(26)  A good, commonsense decision beats “paralysis by analysis.” Avoid excessive dependence on quantitative measurement.  A budget is a management tool. Put effort into its preparation and format, then monitor its execution.  Every physical asset should be under life-cycle maintenance  When outside consultant is used, define the requirement  As the design-construct cycle proceeds, changes become costlier and less effective. The facility manager must retain control of the design-construct cycle.  In the planning of major projects, engineering requirements are nearly always understated.  Plan for flexibility and redundancy in building systems  Plan with care, but always retain the capability to react.  Cultivate long-term relationships. Remember that the successful facility management organisation is a team ( staff, suppliers, contract, consultants). Today's commercial and institutional buildings have grown increasingly sophisticated so facility managers must be able to understand the underlying automation systems of the buildings.. 2.3. FM MAIN THEME. The emergent field of facility/facilities management (FM) requires a philosophical basis, where philosophy refers not to esoteric, academic abstraction, but to the basic theory and general principles of knowledge that underpin everyday activity. Argues specifically for generation of a philosophy of “the workplace”; the separate but related social, physical, technological and organizational contexts of work; the centre stage of FM activity, in order to: first, provide a knowledge base that critically engages with the complexities and ambiguities of these diverse but. 17.

(27) interconnected contexts of work; second, engage with some of the failings of FM knowledge to date, hence: Level 1  Corporate; -. Senior managers with responsibility for Facilities must contribute to serve planning, formulate policy and undertake scenario planning.. -. This requires a full understanding of the corporate culture and the level to which responsibility and authority are developed. Level 2  Strategic -Managers carry responsibility for effective business planning of the facilities services, leadership of the. team and the development of. proposals for developing facilities.. Level 3  Tactical -The facilities manager ensures services quality managers value and implement risk management strategies. -The Facilities manager ensures operational control through auditing and monitoring performance.. Level 4  Operational -Facilities manager is responsible for the operation and maintenance of buildings and for the delivery of the services.. 2.4. FM QUALITY MANAGEMENT. Facilities management is total quality approach to sustains an operational environment and providing support services to meet the strategic needs of an 18.

(28) organization. Moreover, Facilities management – the process by which and organization delivers and sustains services in a quality environment to meet strategic needs. Quality means basic character or nature or in several literature reviews:  Conformance to requirements (Crosby ,1979)  Fitness for use (Juran, 1979)  Continual improvement ( Deming, 1982)  As defined by the customers (Ford 1984 & 1990)  Loss to society (Taguchi, 1987)  Six sigma ( Harry and Stewart ,(Motorolla 1988)  Zero defects (Crosby, 1979). It is often linked to objectives such as ‘high or low’ to quality or benchmark levels of achievement. But on its own the….’quality’ is strictly not a parameter.. Total Quality Strategy STRATEGY : A clear and well-communicated statement of the organization’s position and goals on customer service.. PEOPLE : Employees – In STRATEGY. OVERALL OBJECTIVE:. SYSTEM : Organizational programs, procedures, resources designed to encourage, deliver, and assess convenient and quality services to the customer.. ALL positions- who possess the capacity and desire to be responsive to customer needs.. CUSTOMERS. Achieving customer satisfaction, Giving everyone responsibility ,making continual improvement. PEOPLE. SYSTEM. Figure 2.2: Total Quality Strategy 19.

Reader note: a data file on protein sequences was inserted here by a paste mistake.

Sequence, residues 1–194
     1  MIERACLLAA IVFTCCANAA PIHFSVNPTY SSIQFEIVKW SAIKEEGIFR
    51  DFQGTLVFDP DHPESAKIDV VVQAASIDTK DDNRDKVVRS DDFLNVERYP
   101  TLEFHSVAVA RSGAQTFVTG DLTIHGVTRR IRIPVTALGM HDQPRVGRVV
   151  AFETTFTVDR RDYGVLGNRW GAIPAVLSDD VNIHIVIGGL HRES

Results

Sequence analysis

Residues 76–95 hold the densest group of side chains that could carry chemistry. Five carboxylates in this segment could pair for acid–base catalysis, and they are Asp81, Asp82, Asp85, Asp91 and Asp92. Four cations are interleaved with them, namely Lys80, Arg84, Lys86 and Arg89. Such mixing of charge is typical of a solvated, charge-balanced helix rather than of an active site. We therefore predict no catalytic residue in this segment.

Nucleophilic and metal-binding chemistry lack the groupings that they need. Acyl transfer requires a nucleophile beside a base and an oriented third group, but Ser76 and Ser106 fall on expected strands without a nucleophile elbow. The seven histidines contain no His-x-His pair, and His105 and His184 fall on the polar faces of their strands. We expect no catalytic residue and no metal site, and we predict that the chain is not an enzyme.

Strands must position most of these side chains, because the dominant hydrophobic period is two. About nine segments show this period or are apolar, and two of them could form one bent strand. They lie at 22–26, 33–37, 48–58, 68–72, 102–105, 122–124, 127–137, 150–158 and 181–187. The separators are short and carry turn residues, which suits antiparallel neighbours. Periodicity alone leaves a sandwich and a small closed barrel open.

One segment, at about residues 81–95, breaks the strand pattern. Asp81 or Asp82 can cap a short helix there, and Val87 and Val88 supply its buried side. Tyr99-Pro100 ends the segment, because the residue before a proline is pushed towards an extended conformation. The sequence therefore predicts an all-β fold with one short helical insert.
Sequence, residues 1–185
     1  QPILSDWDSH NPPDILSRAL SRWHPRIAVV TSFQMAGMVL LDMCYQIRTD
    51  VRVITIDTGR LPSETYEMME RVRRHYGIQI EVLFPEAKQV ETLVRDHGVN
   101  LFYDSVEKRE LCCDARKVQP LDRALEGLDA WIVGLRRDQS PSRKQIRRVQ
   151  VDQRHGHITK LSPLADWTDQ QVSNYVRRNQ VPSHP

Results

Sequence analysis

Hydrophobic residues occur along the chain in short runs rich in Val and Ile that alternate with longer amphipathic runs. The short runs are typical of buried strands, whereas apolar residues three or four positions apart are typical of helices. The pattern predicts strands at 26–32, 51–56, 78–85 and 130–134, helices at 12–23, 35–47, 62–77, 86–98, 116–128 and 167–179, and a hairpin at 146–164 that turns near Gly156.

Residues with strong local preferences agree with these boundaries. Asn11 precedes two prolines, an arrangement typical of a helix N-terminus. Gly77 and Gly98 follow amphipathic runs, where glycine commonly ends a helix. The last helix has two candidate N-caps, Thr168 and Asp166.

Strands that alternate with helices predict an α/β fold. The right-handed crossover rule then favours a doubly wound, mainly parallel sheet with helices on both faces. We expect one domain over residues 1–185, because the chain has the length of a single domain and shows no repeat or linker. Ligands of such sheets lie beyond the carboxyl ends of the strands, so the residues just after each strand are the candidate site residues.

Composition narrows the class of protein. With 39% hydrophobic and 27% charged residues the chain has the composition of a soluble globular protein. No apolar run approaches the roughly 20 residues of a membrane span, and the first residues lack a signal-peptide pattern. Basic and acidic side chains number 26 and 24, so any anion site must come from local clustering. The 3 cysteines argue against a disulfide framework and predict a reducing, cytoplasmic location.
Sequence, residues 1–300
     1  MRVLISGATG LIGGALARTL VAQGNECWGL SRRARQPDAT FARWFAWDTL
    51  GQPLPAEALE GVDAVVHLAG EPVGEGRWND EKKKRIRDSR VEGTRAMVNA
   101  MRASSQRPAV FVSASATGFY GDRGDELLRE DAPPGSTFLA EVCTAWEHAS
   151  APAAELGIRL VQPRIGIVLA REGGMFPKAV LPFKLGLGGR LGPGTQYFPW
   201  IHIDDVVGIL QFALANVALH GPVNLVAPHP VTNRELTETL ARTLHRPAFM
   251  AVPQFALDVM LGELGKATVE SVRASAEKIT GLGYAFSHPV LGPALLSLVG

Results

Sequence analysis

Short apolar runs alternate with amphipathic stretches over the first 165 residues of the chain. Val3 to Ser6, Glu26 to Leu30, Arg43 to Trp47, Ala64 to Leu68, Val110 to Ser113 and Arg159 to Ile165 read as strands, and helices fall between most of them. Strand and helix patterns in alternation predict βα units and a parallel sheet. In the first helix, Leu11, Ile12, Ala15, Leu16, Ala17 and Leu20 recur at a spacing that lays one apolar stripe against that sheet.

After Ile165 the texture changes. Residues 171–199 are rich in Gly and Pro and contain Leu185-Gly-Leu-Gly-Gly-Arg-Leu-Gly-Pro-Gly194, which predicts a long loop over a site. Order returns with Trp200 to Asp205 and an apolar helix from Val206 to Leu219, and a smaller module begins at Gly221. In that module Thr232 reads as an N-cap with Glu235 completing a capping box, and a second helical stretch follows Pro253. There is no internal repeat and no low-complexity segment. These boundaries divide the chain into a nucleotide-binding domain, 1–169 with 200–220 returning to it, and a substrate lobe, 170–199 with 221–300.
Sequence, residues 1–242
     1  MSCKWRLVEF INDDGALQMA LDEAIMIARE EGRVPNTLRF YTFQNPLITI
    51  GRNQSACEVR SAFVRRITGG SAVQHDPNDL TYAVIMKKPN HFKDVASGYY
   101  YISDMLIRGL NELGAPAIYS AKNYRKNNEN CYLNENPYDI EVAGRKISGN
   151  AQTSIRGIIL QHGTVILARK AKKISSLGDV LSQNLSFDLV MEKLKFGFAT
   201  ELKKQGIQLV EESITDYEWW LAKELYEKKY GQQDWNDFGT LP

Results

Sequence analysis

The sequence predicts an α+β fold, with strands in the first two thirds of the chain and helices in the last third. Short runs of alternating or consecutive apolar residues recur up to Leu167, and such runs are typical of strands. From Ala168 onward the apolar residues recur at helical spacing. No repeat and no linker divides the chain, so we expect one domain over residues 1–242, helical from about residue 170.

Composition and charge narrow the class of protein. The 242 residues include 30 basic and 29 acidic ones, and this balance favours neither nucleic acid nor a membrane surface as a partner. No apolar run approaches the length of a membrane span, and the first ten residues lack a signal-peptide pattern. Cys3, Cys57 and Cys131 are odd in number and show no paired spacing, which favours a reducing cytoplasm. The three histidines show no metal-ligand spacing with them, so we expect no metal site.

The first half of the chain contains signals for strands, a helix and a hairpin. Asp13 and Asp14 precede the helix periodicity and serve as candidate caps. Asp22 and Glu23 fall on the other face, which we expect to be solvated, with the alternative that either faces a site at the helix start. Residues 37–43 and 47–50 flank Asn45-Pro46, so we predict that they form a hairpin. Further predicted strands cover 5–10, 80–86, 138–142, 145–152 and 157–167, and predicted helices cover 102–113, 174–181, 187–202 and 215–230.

(29) In Figure 2.2, for modern time it has come to be used more and more frequently as a word indicating a degree of excellence or superiority. Therefore, Quality management in facilities dependent upon a willingness by top management to accept the contribution appropriated facilities to the productivity of the core business. Therefore to develop the culture of quality: Be Friendly A friendly atmosphere between managers, employees and customers will do wonders toward quality service.. Keep Everyone Informed Information generates knowledge and knowledge generates sound decisions. Communication must be both top-bottom and bottom-up.. Keep Together Through Mutual Cooperation, Consideration and Openness Focus Win-Win Situations.. Make Decisions Based On Fact, Not Opinions Decisions should be made based on quantifiable data instead of opinion or hearsay.. Keep Procedure Simple and Non Bureaucratic Used the KISS ( Keep it simple and short). Manage By Example Quality is not the responsibility of one individual or even one department. It is the business of every employee.. Management’s responsibility here is to manage the quality process by;  Building a quality infrastructure tied to the internal management structure  Linking quality to existing management systems such as 20.